Fuel poverty is a very real issue. As with food poverty, it affects every member of a low-income household. Fuel poverty can be defined as: ‘A situation where members of a household cannot afford to keep adequately warm at a reasonable cost, given their income.’ So, in a nutshell, the problem is high fuel bills coupled with poverty.
As always, it is those who are the most vulnerable in our society who are affected — the unemployed, those on low incomes and people living in energy inefficient homes are the ones most likely to face heating poverty.
While this has long been a problem in society, the COVID-19 pandemic has caused huge problems with unemployment, school closures and people placed on furlough. Spending more time at home means heating bills have automatically increased, particularly in winter. Many households, including families and individuals, have been financially hit by high energy bills and are faced with a choice between heating or food. This is one of the reasons for the increase in food banks.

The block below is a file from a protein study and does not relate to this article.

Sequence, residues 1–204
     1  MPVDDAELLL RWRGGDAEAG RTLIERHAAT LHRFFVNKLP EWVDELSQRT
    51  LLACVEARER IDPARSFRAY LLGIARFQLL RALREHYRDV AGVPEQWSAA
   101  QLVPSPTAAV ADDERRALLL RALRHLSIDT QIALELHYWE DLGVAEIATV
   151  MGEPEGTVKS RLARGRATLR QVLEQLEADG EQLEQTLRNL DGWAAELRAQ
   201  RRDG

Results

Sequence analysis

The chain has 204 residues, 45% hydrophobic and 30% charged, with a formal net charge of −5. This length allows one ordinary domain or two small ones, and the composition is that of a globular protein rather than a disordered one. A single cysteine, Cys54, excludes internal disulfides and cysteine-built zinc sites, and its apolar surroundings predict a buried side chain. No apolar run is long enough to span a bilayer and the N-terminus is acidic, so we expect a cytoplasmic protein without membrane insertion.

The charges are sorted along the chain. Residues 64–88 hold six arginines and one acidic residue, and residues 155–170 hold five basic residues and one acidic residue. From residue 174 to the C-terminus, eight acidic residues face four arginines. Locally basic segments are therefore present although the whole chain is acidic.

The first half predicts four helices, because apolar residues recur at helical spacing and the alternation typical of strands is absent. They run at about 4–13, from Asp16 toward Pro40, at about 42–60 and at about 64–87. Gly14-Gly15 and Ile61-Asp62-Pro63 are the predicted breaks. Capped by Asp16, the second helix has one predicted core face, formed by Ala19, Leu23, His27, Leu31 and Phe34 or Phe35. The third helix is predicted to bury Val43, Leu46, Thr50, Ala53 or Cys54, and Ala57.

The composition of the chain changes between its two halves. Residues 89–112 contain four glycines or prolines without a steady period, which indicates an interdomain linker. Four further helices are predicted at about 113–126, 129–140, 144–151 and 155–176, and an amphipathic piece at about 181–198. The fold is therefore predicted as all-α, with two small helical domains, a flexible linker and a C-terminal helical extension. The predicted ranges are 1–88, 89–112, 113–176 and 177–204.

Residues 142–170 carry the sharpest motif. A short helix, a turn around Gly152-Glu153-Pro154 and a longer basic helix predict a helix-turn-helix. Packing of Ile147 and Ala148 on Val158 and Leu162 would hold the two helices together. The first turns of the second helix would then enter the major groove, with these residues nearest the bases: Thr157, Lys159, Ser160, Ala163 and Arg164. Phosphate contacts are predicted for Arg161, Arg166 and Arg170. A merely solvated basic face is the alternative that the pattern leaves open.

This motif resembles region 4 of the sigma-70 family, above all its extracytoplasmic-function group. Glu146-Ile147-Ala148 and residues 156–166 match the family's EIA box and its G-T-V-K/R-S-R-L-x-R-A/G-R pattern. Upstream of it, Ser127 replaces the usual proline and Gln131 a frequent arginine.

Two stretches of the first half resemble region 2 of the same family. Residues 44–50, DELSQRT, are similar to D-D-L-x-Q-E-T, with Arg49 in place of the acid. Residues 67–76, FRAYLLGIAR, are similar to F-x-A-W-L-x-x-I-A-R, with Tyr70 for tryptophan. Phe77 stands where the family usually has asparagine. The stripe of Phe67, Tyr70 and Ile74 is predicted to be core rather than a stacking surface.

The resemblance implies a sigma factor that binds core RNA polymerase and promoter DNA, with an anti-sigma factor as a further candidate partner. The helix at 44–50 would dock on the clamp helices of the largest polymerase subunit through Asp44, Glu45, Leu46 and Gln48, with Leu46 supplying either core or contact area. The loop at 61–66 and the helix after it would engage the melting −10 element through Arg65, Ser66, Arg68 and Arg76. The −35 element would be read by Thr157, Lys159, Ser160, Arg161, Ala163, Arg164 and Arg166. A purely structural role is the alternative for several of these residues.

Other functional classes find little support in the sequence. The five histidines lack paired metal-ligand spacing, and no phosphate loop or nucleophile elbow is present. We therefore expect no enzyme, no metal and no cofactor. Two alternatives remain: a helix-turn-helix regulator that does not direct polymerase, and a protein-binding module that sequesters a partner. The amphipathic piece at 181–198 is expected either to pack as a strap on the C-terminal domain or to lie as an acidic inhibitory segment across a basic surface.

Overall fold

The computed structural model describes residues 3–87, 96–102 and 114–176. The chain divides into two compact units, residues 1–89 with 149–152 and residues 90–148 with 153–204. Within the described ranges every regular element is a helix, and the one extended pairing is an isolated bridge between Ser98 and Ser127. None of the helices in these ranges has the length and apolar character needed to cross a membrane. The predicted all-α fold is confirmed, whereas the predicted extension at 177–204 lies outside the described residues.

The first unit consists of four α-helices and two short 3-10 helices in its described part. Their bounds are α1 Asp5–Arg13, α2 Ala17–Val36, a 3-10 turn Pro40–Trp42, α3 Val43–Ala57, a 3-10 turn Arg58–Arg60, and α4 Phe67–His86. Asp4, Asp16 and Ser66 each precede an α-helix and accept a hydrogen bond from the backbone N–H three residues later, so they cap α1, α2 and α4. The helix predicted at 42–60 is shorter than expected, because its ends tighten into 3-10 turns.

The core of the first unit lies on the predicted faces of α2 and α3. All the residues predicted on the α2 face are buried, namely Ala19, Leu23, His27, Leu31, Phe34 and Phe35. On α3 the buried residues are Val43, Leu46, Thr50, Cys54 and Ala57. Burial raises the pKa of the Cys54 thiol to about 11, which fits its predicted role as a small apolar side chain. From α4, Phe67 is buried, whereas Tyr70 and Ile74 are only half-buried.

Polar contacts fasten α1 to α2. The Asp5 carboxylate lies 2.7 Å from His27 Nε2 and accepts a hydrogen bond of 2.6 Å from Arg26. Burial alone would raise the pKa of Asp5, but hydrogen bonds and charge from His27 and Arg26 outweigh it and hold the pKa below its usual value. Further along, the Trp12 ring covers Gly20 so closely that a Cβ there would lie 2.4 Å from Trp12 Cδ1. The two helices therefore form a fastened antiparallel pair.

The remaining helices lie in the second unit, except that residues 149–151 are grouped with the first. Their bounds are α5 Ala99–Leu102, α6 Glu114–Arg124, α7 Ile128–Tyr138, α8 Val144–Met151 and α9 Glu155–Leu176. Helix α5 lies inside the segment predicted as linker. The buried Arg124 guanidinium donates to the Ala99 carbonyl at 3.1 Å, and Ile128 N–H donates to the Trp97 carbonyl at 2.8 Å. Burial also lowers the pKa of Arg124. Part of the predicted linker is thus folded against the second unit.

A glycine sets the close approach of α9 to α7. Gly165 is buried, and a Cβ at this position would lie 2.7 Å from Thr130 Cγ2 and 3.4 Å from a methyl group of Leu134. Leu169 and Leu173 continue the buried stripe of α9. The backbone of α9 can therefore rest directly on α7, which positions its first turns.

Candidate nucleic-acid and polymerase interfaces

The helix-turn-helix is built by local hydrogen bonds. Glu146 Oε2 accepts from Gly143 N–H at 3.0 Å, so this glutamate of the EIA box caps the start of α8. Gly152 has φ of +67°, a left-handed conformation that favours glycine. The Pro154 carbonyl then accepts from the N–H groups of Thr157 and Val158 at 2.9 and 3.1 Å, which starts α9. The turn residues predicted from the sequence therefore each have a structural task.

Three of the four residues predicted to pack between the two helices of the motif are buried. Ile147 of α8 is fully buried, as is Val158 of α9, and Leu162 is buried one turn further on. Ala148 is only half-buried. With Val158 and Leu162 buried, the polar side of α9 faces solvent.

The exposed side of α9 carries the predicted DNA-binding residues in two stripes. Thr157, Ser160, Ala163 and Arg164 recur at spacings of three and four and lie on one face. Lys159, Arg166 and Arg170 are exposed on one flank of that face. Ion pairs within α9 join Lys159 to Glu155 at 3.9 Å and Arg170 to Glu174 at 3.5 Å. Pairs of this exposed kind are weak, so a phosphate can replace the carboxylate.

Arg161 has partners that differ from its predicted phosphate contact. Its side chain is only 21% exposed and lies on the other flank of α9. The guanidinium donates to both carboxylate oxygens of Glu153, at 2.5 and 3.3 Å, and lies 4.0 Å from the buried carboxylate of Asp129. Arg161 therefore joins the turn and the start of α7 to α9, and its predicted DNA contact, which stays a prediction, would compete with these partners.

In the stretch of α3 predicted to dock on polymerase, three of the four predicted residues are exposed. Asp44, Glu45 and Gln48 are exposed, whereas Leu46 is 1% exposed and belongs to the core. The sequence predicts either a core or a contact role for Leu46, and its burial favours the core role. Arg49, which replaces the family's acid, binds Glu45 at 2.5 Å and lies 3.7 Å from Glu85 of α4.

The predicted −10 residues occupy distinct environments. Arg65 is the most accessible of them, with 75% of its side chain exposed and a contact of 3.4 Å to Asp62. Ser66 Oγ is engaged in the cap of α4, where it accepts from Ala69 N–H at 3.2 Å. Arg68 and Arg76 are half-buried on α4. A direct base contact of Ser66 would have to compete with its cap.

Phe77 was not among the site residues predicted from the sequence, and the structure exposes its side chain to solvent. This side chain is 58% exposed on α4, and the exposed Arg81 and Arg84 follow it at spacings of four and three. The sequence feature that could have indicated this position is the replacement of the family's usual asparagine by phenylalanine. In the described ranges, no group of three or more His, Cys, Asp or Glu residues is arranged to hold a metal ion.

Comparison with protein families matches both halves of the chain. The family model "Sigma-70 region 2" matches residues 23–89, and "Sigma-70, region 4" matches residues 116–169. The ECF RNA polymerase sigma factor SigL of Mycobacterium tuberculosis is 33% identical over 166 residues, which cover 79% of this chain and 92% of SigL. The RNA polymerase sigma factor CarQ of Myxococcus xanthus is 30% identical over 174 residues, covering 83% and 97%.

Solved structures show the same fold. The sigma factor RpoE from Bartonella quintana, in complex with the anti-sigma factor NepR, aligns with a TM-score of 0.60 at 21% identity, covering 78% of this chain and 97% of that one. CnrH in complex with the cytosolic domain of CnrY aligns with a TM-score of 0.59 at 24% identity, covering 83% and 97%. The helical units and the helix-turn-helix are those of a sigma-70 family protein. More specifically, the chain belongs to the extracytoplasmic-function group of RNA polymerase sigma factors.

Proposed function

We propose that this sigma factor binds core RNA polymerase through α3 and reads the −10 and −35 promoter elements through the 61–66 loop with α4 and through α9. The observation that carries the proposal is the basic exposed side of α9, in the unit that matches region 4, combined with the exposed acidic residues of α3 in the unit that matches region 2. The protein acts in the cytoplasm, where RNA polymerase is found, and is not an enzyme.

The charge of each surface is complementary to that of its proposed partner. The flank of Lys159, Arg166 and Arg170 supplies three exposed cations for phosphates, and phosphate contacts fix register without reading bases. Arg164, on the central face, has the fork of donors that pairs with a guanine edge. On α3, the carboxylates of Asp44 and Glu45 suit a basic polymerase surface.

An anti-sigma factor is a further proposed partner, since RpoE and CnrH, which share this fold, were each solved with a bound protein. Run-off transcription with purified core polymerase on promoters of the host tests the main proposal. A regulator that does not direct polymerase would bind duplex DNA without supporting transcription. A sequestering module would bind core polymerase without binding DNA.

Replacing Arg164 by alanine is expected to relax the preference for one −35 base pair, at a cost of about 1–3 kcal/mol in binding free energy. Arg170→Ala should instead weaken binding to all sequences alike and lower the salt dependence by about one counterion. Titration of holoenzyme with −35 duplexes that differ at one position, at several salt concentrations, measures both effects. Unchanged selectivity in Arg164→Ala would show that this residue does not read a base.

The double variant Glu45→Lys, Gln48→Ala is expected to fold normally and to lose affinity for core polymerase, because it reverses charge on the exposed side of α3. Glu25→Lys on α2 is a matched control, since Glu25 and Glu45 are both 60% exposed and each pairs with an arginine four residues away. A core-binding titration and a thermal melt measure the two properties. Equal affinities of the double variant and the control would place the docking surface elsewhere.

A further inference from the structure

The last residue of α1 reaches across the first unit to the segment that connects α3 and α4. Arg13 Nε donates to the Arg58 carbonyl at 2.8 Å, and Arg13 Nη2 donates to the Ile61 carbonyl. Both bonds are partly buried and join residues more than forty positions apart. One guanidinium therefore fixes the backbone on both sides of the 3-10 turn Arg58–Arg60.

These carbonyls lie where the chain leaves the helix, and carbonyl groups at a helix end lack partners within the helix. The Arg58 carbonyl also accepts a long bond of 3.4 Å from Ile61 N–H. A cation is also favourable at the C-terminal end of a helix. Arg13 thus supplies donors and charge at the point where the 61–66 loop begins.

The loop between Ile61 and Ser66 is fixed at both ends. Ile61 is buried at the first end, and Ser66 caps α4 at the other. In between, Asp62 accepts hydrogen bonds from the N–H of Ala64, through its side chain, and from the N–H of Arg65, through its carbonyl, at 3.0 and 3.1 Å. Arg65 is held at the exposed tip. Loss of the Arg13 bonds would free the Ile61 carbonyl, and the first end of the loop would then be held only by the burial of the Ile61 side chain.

Fuel poverty is generally measured by using the low income, high costs (LIHC) indicator. It stands to reason that energy price increases and stagnant wages leads to financial problems, and for many the money isn’t there to stay sufficiently warm.
What help is available for those who are struggling with fuel poverty?
- Those on state pensions or social security may qualify for winter fuel payments.
- The cold weather fuel allowance is available to those on certain benefits.
- Warm home discount schemes are available to some qualifying households.
- Talk to your energy supplier or shop around for the best value tariff to save money.
- Pre pay meters are an option to manage costs which helps people keep out of debt.
Being cold makes for a miserable existence. Heat poverty must be addressed before it causes severe health problems to those who are already struggling to survive.